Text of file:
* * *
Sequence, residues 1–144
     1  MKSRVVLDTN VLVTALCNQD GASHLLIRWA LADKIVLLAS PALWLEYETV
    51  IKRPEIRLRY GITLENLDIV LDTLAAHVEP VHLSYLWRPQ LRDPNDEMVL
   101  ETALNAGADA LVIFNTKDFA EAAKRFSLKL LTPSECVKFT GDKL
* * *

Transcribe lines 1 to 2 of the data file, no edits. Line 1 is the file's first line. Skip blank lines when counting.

Sequence, residues 1–144
     1  MKSRVVLDTN VLVTALCNQD GASHLLIRWA LADKIVLLAS PALWLEYETV